The legendary wines of the Chateau de Brézé, lauded in the classical literature of the 15th century by King René of Anjou, were served at all the royal courts of Europe. In fact, the wines were exchanged regularly with the great Chateau d’Yquem, amongst others. In the 1600s, the white wines of Chateau de Brézé were so well known that throughout Europe they were referred to as “Chenin de Brézé.”
Here’s a story of politics in wine… When the AOC (Appellation d’Origine Controlee- “controlled designation of origin”) of Saumur Champigny was established in 1957, the owner of Brézé refused to be part of the appellation. He claimed that his vineyard collection was the best of the entire area and that it should have it’s own AOC. His claim was probably true; if you talk with winemakers in the area, most would tell you that the vineyards of Brézé may be the best vineyards in both Saumur and Saumur Champigny. Unfortunately, the wines were terribly made at the time so his request was denied for the singular AOC of Brézé. He was offered to be a part of the prestigious appellation of Saumur Champigny. Remaining defiant, he refused, and the vineyards on the hill of Brézé were placed under the lesser appellation of Saumur.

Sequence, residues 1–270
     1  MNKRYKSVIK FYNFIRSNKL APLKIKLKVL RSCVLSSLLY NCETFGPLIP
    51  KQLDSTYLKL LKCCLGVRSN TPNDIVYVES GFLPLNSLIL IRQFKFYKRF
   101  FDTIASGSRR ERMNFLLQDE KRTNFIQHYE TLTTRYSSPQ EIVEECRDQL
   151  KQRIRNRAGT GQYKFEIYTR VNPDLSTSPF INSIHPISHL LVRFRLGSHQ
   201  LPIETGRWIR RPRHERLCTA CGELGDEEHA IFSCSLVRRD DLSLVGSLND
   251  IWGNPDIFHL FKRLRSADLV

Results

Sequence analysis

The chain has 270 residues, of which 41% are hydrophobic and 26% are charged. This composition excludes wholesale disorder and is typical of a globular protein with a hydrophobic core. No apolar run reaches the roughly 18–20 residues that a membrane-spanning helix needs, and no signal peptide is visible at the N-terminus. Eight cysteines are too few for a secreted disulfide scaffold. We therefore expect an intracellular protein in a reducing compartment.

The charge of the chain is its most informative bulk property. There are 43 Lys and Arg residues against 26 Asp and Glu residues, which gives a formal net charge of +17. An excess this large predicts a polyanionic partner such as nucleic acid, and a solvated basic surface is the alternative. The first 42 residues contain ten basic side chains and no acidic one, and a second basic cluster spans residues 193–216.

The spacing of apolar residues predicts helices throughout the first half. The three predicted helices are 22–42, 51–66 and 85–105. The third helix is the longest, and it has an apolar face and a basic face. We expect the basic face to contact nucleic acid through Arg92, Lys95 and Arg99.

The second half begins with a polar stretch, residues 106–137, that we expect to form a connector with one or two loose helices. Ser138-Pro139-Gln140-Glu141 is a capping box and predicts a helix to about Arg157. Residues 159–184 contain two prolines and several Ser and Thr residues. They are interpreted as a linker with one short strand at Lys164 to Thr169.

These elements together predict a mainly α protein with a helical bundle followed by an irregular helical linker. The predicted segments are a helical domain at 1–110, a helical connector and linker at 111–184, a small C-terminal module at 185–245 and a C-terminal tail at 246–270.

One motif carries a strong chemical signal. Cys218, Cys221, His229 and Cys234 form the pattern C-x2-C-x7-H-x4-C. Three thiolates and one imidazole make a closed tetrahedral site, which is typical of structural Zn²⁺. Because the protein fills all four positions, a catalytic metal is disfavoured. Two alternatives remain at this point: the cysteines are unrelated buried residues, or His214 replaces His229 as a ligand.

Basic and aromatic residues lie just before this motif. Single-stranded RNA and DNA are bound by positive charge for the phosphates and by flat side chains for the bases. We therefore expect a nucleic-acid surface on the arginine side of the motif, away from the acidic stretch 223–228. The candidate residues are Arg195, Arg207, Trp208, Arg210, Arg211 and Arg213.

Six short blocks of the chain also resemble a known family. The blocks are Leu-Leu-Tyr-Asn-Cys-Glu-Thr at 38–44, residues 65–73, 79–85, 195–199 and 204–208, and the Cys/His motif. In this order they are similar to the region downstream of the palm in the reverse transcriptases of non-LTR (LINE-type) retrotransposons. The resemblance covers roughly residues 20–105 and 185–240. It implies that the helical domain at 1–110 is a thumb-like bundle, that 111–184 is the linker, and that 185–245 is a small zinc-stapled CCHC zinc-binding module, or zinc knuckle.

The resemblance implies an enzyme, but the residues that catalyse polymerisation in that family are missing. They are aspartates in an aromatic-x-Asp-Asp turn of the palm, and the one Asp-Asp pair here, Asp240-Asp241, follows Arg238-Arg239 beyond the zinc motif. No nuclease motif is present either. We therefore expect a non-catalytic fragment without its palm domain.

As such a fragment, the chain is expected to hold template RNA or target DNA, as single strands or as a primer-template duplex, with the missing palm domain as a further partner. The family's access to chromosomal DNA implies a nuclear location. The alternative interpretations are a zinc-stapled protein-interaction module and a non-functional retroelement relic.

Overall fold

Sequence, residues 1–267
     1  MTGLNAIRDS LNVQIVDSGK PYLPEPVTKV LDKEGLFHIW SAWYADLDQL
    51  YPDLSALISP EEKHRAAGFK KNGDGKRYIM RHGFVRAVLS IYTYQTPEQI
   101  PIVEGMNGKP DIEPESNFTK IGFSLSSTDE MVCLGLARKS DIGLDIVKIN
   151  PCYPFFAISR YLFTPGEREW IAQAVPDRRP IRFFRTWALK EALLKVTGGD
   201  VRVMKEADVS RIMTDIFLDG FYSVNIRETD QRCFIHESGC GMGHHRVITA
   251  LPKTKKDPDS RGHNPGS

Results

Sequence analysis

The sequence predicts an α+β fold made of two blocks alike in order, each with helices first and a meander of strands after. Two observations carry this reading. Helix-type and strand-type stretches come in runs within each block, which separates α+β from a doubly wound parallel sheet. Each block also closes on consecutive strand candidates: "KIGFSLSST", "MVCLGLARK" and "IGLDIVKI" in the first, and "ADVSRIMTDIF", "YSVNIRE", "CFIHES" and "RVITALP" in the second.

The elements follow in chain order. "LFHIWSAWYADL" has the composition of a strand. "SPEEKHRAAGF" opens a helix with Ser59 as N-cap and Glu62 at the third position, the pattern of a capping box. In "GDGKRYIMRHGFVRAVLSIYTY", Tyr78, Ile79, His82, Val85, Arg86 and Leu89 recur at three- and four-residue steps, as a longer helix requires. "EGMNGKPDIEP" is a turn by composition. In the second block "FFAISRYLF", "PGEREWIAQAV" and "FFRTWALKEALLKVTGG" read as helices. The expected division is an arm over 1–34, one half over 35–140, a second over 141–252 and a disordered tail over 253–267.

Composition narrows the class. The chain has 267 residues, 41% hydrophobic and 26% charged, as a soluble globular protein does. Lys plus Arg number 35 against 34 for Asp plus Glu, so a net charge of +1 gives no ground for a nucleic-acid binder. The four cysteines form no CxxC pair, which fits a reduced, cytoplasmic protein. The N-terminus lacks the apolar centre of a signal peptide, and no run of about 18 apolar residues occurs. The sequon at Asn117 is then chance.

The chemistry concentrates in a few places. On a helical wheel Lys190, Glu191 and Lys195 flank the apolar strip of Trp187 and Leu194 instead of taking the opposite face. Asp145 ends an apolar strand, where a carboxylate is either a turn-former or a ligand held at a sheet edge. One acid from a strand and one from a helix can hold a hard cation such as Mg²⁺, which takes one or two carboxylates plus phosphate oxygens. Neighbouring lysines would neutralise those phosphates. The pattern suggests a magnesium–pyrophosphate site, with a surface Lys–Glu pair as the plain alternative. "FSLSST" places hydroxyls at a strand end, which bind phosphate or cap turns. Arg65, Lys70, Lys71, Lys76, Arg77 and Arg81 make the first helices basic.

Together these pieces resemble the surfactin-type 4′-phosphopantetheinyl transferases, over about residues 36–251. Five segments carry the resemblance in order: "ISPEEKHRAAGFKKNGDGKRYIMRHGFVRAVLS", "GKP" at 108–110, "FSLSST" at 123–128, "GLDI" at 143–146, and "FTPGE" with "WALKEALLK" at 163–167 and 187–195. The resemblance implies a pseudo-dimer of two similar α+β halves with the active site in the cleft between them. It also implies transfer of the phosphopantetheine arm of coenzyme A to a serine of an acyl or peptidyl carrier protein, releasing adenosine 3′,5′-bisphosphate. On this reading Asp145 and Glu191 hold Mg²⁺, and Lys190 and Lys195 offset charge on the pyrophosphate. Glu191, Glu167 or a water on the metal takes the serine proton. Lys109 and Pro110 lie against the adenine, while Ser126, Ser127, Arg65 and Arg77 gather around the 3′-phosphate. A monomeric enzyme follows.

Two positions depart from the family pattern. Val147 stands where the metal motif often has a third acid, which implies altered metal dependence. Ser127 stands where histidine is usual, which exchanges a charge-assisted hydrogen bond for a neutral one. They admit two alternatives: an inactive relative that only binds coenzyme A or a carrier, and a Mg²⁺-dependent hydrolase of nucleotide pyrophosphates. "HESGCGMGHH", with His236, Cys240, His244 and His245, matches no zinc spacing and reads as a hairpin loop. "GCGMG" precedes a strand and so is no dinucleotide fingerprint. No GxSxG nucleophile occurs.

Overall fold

The good news is that in 2009, the new owner, Le Comte de Colbert, asked Arnaud Lambert from Domaine de Saint Just to take over complete management of the estate. Arnaud accepted immediately, with a 30 year lease on the property, as he knew how important the vineyards of Brézé were to the region.
Immediately, Arnaud converted the vineyards to organic farming, and he is currently in the process of converting to biodynamic viticulture. At the moment, the wines are relatively inexpensive, but that will change soon as the word starts to get out on this once forgotten glories of French wine.
Pedro Parra y Familia - 2017 Hub Cru
24+ in stock